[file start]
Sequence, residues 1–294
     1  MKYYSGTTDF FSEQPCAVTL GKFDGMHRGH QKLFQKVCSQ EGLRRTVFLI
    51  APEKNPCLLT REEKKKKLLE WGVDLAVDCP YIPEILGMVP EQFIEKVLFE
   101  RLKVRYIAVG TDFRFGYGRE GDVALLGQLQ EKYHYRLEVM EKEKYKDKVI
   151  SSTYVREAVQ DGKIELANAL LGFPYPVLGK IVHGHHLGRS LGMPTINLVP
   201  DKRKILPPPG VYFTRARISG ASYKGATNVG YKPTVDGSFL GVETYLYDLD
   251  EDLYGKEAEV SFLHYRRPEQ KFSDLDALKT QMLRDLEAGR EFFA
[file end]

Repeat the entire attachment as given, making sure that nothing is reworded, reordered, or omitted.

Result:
Sequence, residues 1–294
     1  MKYYSGTTDF FSEQPCAVTL GKFDGMHRGH QKLFQKVCSQ EGLRRTVFLI
    51  APEKNPCLLT REEKKKKLLE WGVDLAVDCP YIPEILGMVP EQFIEKVLFE
   101  RLKVRYIAVG TDFRFGYGRE GDVALLGQLQ EKYHYRLEVM EKEKYKDKVI
   151  SSTYVREAVQ DGKIELANAL LGFPYPVLGK IVHGHHLGRS LGMPTINLVP
   201  DKRKILPPPG VYFTRARISG ASYKGATNVG YKPTVDGSFL GVETYLYDLD
   251  EDLYGKEAEV SFLHYRRPEQ KFSDLDALKT QMLRDLEAGR EFFA